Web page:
The bucks stop here for aca­demic cen­ters

Study shows re­search fund­ing down, ex­perts fear it could hin­der ad­vance­ments

Modern Healthcare - - The Week In Healthcare - Shawn Rhea

re­cent down­turn in pub­lic and pri­vate fund­ing of med­i­cal-prod­uct re­search and clin­i­cal tri­als is forc­ing aca­demic med­i­cal cen­ters to foot a larger per­cent­age of the cost of re­search en­deav­ors. The trend has med­i­cal-re­search ex­perts con­cerned about the long-term ef­fect on the de­vel­op­ment of novel med­i­cal treat­ments.

“For ev­ery ex­tra­mu­ral dol­lar re­ceived for re­search, an aca­demic med­i­cal cen­ter is adding 20 to 30 cents of its own money to make up the fund­ing needed to do the re­search,” said Ann Bon­ham, chief sci­en­tific of­fi­cer for the As­so­ci­a­tion of Amer­i­can Med­i­cal Colleges. “Our con­cern is: Can our in­sti­tu­tions share those costs over an ex­tended pe­riod of time?” (For a list of the largest aca­demic med­i­cal cen­ters, see p. 34.)

De­spite the grow­ing con­cern, sev­eral in­di­ca­tors sug­gest aca­demic med­i­cal cen­ters are likely to con­tinue bear­ing in­creased re­search costs for some time. A study pub­lished in the Jan. 13 is­sue of the Jour­nal of the Amer­i­can Med­i­cal As­so­ci­a­tion found, for ex­am­ple, that fund­ing in­creases for bio­med­i­cal re­search have slowed since 2005, and an­nual ad­just­ments from both the pub­lic and pri­vate sec­tor have not kept pace with inflation. Ad­di­tion­ally, de­vice­maker Bos­ton Sci­en­tific Corp. ear­lier this month in­di­cated that it won’t boost re­search and de­vel­op­ment spending be­yond its cur­rent bud­get of about $1 bil­lion an­nu­ally, and that much of that fund­ing will be al­lo­cated to­ward near-term growth ini­tia­tives.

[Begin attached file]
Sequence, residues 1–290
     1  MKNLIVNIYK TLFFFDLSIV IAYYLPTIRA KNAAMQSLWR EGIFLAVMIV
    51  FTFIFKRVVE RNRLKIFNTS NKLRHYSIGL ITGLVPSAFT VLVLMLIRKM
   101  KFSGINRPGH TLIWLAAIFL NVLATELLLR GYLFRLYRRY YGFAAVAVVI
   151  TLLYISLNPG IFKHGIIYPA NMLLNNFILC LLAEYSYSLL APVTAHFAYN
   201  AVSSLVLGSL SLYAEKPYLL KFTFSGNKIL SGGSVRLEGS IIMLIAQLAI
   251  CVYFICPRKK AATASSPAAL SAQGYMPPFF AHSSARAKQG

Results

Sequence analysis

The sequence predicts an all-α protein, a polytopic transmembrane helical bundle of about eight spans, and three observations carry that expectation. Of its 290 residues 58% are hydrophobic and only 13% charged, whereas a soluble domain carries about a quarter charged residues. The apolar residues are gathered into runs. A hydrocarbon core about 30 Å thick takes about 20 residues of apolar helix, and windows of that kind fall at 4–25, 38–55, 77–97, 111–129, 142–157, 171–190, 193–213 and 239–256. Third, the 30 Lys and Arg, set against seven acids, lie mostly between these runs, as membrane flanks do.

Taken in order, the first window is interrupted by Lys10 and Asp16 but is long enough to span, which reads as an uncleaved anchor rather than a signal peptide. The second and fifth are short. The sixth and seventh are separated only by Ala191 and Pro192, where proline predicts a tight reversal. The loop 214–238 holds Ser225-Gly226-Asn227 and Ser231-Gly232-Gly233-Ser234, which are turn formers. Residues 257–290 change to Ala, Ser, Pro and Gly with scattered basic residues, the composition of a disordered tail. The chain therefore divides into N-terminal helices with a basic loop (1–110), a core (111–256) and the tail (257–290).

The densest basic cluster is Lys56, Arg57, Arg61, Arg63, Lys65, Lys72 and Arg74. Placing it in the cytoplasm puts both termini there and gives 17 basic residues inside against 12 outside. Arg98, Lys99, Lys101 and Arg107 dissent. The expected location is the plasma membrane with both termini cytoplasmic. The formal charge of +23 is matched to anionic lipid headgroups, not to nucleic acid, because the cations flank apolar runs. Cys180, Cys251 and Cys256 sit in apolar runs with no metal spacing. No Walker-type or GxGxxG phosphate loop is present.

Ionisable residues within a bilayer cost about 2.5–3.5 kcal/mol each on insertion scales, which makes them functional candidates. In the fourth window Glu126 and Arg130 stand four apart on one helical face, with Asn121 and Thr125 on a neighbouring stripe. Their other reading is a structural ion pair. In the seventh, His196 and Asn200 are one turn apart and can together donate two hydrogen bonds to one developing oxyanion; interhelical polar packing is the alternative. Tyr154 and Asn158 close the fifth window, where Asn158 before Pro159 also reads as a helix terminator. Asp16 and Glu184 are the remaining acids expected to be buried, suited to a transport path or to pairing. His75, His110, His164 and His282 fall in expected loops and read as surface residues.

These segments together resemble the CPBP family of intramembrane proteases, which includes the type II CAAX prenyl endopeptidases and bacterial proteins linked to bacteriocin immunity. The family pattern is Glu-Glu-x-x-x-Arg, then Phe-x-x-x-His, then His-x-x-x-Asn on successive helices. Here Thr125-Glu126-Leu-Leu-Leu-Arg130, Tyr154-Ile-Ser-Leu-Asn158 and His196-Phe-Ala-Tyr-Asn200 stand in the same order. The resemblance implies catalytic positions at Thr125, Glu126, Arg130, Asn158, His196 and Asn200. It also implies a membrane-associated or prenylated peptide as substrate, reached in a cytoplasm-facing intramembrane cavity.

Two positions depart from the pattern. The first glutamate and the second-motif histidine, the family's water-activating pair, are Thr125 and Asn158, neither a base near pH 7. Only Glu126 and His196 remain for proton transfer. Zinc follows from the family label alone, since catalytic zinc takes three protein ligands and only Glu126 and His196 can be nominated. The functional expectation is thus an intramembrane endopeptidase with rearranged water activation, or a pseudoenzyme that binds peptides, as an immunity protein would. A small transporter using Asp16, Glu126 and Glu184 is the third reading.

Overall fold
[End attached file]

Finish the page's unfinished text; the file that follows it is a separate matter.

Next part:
An­other in­di­ca­tor of a con­tin­ued re­search-fund­ing pinch came in early Jan­uary when John Kreger, a fi­nan­cial an­a­lyst with the in­vest­ment firm William Blair & Co., said in a re­port that phar­ma­ceu­ti­cal com­pa­nies’ use of con­tract re­search or­ga­ni­za­tions to per­form clin­i­cal and pre­clin­i­cal tri­als of drugs had fallen off dur­ing 2009 and was ex­pected to re­main low dur­ing the first half of 2010. While con­tract re­search or­ga­ni­za­tions are not af­fil­i­ated with aca­demic med­i­cal cen­ters, their de­cline in busi­ness is sug­ges­tive of a broader trend to­ward de­creased re­search fund­ing.